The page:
Pete Silks has been selected as a Fellow of the Royal Society of Chemistry. Photo Courtesy LANL
Pete Silks of Los Alamos National Laboratory was recently selected as a Fellow of the Royal Society of Chemistry for his outstanding contributions to the fields spanning bioscience, chemistry and isotope science. Throughout his career, Silks has made achievements in many areas including biofuels design and production as well as drug development.
The Royal Society of Chemistry (RSC) Fellows program recognizes scientists for their outstanding achievements in and contributions to chemical sciences, the profession and the Society. The lifelong designation recognizes RSC members for their excellence in scientific leadership their impact in the field. The RSC has more than 54,000 members and each year the Fellows of the Royal Society elect up to 52 new Fellows.
Silks came to Los Alamos as a staff member in 1990 after working at the University of South Carolina with both organic and inorganic chemists and an enzymologist. Silks was attracted to Los Alamos’s National Stable Isotopes Resource, which promised a constant supply of isotopes with which to experiment, as well as the potential to couple his investigations with others of similar interest.
Among his top achievements, Silks’ work on organoselenium chemistry helped develop a better understanding of structure and unusual bonding in small molecular complexes. Another highlight is Silks’ contribution to the field of bioenergy by using novel chemical conversions to make biofuels. Here, Silks led the development of a safe, economical and scalable two-step process that converts cellulose into hydrocarbons and chemical feedstocks with defined carbon lengths and branching. This work supported a $1.5M Proctor & Gamble/LANL Cooperative Research and Development Agreement (CRADA) to develop methods to convert biomass oligosaccharides to non-petroleum based chemical feedstocks for surfactant production. This project also included the synthesis of surfactants with increased bio-availability. Historically, surfactants have been challenging to degrade and pose an issue for waste streams; however, the easy degradation of these next generation surfactants is now possible.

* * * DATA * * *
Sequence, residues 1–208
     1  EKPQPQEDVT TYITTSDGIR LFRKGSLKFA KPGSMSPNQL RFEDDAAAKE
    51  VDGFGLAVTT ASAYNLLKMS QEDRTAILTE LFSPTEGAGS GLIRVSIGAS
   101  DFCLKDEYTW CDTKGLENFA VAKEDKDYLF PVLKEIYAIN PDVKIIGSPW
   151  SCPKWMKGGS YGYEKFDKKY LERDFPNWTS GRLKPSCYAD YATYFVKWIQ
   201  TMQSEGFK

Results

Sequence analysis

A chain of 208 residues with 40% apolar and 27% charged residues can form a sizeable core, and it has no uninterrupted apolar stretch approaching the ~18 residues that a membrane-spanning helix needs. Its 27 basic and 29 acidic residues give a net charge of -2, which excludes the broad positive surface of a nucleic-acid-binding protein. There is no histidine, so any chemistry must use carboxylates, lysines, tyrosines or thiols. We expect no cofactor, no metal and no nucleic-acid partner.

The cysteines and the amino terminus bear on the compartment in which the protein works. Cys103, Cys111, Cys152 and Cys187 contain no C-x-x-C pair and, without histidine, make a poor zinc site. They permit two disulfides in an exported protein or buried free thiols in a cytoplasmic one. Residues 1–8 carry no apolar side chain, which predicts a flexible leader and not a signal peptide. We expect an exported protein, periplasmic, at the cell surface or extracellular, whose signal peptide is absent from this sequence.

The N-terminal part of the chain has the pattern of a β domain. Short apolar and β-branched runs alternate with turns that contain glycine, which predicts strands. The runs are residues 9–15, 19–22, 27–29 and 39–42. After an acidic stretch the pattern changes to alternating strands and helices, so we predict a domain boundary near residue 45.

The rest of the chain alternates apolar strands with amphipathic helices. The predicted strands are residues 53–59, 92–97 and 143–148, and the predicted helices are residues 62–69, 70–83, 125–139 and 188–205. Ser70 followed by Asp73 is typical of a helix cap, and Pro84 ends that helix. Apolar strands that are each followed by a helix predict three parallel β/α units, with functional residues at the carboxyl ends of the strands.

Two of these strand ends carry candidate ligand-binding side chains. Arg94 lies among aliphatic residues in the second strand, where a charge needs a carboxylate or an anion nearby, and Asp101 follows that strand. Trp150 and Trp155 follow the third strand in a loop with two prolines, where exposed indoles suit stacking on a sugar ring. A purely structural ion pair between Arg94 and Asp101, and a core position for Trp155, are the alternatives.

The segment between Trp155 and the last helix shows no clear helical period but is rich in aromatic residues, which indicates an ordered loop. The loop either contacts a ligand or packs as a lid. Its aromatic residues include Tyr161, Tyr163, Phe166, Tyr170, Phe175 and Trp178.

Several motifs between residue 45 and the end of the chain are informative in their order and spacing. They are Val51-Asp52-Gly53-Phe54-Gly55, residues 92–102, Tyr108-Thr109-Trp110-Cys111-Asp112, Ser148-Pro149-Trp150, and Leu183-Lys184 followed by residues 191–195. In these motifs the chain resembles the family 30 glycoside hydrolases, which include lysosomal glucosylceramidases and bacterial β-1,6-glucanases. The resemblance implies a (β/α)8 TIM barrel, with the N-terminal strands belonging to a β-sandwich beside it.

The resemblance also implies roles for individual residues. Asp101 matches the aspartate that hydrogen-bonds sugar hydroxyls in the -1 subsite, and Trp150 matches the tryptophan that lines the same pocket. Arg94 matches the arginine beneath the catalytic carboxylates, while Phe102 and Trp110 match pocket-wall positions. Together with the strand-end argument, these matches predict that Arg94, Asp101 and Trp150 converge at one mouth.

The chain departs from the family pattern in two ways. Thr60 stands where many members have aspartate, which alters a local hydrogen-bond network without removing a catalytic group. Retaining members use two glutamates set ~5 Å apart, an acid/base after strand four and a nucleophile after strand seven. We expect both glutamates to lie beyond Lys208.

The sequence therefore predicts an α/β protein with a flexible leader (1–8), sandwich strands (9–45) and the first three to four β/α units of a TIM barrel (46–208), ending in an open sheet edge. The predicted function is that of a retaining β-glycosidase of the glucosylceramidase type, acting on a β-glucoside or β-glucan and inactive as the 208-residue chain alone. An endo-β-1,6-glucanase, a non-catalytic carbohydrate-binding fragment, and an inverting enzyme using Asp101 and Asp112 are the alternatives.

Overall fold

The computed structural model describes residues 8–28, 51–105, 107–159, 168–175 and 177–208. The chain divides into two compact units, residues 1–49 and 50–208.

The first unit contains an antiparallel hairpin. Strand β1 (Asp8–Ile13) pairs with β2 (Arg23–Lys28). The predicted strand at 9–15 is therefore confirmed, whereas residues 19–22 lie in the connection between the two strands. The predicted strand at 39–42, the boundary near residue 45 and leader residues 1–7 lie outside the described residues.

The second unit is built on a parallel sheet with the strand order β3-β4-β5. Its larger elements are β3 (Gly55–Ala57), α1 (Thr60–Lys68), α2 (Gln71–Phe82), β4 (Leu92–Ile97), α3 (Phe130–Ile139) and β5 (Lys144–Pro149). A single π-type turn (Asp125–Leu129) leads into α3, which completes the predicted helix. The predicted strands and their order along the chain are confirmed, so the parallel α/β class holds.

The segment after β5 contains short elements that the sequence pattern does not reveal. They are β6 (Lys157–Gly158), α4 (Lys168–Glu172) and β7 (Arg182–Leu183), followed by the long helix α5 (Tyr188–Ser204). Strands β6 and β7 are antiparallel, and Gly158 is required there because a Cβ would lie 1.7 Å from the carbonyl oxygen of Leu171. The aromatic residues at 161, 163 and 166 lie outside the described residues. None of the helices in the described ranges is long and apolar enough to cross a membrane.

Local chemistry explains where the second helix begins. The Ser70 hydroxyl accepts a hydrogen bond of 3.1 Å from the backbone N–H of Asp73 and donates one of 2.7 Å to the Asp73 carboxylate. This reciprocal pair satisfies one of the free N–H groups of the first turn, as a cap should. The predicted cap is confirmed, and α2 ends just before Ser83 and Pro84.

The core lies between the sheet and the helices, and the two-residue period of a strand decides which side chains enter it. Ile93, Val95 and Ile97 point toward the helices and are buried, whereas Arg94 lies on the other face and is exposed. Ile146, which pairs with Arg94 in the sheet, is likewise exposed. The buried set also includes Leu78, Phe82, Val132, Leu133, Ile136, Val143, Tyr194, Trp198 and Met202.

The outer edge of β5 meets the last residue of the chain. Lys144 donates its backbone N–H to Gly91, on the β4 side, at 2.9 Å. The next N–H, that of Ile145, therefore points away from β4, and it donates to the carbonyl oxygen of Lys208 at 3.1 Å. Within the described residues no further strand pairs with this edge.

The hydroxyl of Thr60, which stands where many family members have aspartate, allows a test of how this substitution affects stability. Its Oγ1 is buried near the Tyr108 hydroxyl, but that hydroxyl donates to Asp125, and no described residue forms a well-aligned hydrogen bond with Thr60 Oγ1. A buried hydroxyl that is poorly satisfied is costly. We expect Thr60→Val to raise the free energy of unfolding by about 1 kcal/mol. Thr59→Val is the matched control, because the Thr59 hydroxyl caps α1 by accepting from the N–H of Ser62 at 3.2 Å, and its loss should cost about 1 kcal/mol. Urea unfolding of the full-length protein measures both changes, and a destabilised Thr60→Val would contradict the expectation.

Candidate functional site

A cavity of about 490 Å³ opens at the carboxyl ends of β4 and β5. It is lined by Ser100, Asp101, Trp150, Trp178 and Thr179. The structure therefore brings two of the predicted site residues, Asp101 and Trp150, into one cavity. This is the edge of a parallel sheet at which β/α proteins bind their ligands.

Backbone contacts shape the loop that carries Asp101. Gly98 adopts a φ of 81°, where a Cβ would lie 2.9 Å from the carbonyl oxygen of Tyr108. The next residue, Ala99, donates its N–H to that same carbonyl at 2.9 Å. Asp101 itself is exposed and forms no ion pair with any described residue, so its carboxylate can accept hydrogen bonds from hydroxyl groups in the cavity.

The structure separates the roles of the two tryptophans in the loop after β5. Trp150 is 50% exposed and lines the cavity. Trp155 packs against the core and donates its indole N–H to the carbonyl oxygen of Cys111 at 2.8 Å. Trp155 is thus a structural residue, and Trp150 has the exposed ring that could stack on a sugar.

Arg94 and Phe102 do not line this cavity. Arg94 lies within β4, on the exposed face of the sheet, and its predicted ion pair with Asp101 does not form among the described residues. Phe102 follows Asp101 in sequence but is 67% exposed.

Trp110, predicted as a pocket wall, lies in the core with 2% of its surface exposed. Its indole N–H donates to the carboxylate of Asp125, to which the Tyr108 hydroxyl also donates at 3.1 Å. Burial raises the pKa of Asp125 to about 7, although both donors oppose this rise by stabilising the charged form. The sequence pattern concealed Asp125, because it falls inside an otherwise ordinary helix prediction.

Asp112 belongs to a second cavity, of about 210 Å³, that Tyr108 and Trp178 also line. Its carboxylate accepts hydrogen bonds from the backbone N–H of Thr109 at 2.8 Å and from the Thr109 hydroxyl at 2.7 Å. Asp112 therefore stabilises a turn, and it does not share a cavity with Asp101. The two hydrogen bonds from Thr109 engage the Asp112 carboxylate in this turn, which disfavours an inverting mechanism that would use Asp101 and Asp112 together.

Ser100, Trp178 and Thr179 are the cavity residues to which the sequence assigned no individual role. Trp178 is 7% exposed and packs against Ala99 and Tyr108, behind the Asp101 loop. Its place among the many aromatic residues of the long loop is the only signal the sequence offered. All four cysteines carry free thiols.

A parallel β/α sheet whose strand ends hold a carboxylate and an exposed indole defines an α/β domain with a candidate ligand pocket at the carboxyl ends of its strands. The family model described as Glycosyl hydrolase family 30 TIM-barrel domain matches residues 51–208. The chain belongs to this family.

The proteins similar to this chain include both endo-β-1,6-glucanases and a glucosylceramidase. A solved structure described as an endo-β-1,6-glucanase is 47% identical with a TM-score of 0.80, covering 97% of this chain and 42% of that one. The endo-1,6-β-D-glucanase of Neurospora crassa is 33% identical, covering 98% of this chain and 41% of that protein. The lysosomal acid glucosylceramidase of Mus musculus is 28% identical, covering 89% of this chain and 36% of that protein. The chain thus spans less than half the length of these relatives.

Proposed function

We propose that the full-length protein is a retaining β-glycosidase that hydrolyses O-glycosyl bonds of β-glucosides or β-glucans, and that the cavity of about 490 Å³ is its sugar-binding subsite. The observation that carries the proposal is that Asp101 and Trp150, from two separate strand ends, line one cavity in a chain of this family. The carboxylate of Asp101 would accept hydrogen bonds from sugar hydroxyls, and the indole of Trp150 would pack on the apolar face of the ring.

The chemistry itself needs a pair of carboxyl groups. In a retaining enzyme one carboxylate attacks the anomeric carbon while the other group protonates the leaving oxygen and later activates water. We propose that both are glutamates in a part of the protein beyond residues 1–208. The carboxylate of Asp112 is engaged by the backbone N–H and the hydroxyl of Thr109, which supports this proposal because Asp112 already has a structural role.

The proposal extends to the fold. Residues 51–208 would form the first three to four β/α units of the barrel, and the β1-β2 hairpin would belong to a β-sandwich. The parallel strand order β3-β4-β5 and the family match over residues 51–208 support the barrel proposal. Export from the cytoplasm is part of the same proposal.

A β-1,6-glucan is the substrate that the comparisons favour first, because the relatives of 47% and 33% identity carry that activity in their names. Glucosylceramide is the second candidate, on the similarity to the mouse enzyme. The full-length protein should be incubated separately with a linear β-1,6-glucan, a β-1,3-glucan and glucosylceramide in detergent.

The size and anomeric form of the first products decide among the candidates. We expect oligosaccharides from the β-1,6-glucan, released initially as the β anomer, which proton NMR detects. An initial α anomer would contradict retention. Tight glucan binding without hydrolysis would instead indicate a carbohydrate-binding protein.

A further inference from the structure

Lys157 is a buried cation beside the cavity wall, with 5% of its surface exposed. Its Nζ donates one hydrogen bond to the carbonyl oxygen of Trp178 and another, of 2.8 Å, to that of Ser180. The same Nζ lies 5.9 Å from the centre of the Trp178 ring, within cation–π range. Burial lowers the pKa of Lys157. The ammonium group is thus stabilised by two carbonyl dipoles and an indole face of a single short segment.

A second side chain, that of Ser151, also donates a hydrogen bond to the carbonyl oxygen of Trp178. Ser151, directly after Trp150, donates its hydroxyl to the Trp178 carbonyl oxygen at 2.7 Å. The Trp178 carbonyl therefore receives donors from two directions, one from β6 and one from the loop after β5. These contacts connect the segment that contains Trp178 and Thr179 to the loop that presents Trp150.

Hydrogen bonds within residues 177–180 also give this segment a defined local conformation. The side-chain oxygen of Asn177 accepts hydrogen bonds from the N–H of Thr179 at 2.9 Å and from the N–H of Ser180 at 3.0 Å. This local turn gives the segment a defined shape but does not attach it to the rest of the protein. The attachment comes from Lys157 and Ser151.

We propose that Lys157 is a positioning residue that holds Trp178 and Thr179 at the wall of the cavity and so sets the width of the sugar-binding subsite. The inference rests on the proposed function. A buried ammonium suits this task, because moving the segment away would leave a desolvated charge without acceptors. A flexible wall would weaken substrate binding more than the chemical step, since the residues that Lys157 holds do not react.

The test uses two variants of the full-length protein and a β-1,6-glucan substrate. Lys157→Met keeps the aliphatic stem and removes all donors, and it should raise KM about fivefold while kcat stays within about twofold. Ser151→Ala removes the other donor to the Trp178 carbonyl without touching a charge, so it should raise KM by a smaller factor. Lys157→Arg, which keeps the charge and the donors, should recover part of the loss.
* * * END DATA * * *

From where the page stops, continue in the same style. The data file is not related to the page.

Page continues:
His work at LANL has given rise to more than 26 patents, an R&D 100 award, and authoring more than 100 publications in top journals.
Silks also has a passionate interest in public health and development of new drugs, and his work in this area has contributed to the founding of a start-up company, Spinceutica, Inc. that stands to help treat the millions of patients annually fighting tuberculosis (TB). Looking at the current first-line-of-defense drugs, Silks hypothesized that by creating a stable isotope version of the the first line of defense drug isoniazid (replacing one 12C atom with a 13C one), he could enhance its kill rate against TB by way of a phenomenon called the magnetic isotope effect. Not only was this successful, but the resulting drug has shown to be effective in killing TB (5x better than the natural abundance isoniazid) and multiple drug resistant TB, plus in the presence of a magnetic field its kill rate (14x) increases even more. To commercialize and distribute this drug, his group founded Spinceutica, Inc., which is based in Santa Fe, NM and employs a group of Pharmacologists, Enzymologists and Chemists.